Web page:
For example, consider a senior who spent all his or her assets and applies for Medical Assistance, yet gave a child $100,000 during the look-back period.

The state pegs the average cost of a nursing-home bed at $3,702 a month. It divides the $100,000 by $3,702 and gets a 27-month "penalty period" -- the senior has to wait 27 months from the time of the gift before he or she is Medical Assistance-eligible.

If the senior made the gift 36 months before applying for Medical Assistance, the penalty period has expired. If they made the gift 12 months prior to applying, they have to wait 15 months before they are eligible (that's the 27-month penalty period minus the 12-month age of the gift.)

DHS wants the penalty to start the day the senior goes into the nursing home instead of the day of the gift, Gomez said.

The change "is a powerful one," she said. "It cannot be escaped."

Medical Assistance cuts

Jonathan Lundberg is executive director for health care and therapy services at Walker Methodist Health Center, 3737 Bryant Ave. S., a 488-bed nursing home. He said the Governor's proposed budget would reduce Walker's funds by $1 to $2 million out of the center's $46 million budget.

State cuts would result in fewer staff, he said. Staff costs 75 percent of the center's budget. Walker could eliminate non-direct-care positions, but that shifts administrative duties to direct-care-givers and affects the quality of care, he said.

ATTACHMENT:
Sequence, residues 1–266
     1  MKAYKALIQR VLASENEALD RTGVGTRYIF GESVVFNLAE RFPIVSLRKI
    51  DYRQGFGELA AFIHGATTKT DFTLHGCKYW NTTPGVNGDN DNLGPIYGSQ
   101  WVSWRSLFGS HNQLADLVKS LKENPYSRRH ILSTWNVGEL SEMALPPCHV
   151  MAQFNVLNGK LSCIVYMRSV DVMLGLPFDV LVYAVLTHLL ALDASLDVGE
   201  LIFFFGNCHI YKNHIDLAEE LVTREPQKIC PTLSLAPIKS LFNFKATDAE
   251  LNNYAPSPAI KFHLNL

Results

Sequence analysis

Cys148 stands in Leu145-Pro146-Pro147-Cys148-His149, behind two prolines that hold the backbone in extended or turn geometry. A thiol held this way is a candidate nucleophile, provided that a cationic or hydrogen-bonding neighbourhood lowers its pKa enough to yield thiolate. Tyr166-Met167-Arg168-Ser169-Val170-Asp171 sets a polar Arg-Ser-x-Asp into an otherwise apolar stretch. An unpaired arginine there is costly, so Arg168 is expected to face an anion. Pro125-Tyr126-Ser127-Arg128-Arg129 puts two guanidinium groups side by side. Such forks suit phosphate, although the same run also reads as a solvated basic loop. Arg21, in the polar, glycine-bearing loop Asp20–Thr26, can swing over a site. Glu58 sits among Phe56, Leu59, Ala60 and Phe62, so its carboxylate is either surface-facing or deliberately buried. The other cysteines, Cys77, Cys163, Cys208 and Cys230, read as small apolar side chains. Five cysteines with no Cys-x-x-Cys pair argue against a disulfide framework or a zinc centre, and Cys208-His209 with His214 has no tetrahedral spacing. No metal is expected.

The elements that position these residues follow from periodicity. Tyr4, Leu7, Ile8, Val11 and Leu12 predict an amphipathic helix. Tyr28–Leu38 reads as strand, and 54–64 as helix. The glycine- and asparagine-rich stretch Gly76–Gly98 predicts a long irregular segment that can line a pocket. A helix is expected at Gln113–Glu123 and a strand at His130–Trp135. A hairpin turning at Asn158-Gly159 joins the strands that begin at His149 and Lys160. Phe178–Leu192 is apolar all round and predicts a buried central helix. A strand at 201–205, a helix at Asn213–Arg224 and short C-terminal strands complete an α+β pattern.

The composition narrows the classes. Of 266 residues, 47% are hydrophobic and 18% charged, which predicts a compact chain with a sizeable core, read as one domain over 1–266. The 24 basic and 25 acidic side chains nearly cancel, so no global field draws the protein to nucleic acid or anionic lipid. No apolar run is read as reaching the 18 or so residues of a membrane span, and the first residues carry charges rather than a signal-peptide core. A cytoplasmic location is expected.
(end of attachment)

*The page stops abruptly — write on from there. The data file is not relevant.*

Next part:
Studies show nursing-home staffing levels should be higher, not lower, Lundberg said. The state sets staffing minimums, and most places operate at 125 percent to 150 percent of those minimums.

"There isn't anybody I know in the nursing-home industry that operates to that minimum," he said. "It would not be a standard that any of us would accept."

As an alternative to rate cuts, Carter said he would like the state to require all Medicare-supplement insurance policies to include long-term care coverage.

Medicare, a federal health-care program for seniors, covers nursing-home costs for short-term stays, such as rehabilitation from hip replacement surgery, a state official said. It does not pay for nursing-home care if the senior is senile or debilitated.

Most seniors (86 percent) have supplemental insurance policies to pay for services outside of Medicare, "but they aren't worth the paper they are printed on" for long-term care, Carter said.

The state could require Medicare supplement policies to include some long-term care coverage, he said. It would force premiums higher; how much would depend on the coverage required.

If nothing changes, younger taxpayers end up subsidizing nursing-home care for seniors, some of whom could otherwise afford it if they planned for it, he said.

"If that premium scares people away and they drop their supplemental coverage, that is not a good idea," Carter said. "However, if seniors don't like an additional premium, we are going to have intergeneration warfare. You and I will pay for what they don't want to pay for insurance."